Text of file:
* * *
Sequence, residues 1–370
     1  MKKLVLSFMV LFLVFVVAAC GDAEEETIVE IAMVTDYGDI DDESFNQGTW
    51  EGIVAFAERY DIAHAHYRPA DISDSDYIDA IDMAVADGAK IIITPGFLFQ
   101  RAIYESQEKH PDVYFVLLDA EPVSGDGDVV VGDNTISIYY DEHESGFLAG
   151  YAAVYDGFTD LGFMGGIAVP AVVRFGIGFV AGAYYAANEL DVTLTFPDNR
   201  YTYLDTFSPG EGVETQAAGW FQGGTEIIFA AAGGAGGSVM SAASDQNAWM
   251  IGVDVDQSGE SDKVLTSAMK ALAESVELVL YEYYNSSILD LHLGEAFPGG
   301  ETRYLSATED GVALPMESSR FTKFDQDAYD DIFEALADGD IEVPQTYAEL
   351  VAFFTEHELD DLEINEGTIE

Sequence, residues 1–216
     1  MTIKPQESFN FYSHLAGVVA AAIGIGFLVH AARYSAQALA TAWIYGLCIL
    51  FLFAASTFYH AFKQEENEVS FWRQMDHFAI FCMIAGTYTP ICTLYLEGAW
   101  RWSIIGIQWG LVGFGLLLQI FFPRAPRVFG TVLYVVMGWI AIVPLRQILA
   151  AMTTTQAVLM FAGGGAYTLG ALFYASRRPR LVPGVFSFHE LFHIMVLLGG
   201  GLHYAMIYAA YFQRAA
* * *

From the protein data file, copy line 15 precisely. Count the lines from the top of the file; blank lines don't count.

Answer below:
   201  GLHYAMIYAA YFQRAA